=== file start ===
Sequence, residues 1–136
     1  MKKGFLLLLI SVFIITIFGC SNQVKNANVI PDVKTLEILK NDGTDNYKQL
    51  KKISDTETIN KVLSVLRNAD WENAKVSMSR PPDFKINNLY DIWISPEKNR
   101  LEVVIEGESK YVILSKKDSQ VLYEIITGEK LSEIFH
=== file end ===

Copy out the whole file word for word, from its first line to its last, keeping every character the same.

Sequence, residues 1–136
     1  MKKGFLLLLI SVFIITIFGC SNQVKNANVI PDVKTLEILK NDGTDNYKQL
    51  KKISDTETIN KVLSVLRNAD WENAKVSMSR PPDFKINNLY DIWISPEKNR
   101  LEVVIEGESK YVILSKKDSQ VLYEIITGEK LSEIFH